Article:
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Generation Y spells trouble for talent management


Many organisations risk losing their most talented employees as the credit crunch takes hold, according to leadership company Dynamic Transitions.

Speaking at the HR director’s talent management breakfast event at the Lord’s Cricket Ground, Dynamic Transitions MD Judith Germain warned that the emergence of Generation Y is “spelling further trouble for organisations who continue to adopt a one size fits all approach to talent management”.

Germain suggested that many of the most talented employees were likely to be selected for redundancy due to their perceived troublesome nature, when in fact, with the right management techniques, these individuals could become the top performers in the organisation.

Germain argued that “troublesome talent” made up 20% of the top performers in an organisation, but accounted for 80% of the problems and urged attendees not to use redundancies to kick out the business’ best talent.

“The reality is that too many employees prefer to keep their head down and follow rules and procedures that don’t work simply because it is easier and acceptable to do so,” she said.

“Troublesome talent, however, are prepared to stand up for what they believe in and will tell managers the flaws in the company’s policies and the issues they face. As a result, they are often singled out as trouble makers.”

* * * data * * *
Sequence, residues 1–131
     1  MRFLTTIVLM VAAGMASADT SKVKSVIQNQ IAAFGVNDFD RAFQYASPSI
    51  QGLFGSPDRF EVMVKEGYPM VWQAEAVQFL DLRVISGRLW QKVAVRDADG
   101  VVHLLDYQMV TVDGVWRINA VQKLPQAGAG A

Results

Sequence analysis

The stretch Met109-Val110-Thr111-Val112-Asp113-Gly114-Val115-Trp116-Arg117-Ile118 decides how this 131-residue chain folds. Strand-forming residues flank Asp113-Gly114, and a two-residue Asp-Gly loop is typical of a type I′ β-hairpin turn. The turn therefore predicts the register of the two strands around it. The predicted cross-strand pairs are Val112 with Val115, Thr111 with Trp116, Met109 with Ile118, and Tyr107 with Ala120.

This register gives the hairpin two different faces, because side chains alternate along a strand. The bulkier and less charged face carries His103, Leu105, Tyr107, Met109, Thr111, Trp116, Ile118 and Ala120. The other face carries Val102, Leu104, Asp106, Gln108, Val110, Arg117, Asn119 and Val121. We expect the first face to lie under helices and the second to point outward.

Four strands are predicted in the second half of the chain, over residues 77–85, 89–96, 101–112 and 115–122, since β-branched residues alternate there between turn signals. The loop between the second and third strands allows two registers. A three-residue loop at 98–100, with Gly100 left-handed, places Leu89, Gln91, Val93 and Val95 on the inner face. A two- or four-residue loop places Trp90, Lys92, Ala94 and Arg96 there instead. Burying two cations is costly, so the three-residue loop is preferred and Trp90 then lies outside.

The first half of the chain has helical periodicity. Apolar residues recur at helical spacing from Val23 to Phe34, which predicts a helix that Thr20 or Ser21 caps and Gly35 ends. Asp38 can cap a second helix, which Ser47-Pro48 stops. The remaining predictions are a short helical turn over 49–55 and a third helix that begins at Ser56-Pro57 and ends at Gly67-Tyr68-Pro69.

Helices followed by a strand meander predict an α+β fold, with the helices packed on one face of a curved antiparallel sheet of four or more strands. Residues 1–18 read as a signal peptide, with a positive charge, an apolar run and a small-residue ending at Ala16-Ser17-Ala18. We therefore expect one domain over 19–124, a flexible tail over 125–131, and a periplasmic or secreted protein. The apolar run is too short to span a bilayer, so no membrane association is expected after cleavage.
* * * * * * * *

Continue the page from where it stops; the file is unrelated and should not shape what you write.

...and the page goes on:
Germain revealed that troublesome talent had emerged in Generation X as people started to demand more flexible working and concentration on their individual desires, but the emergence of Generation Y (birth dates between 1980-1994) has meant that organisations need to re-examine their talent management techniques and adopt a more individualistic approach.

“Generation Y employees do not believe in the nine to five, and are more focussed on themselves and their development. They are more likely to question authority and are more entrepreneurial and extrovert than their Generation X predecessors. Organisations need to realise that traditional command and control management techniques just will not work with them,” said Germain.

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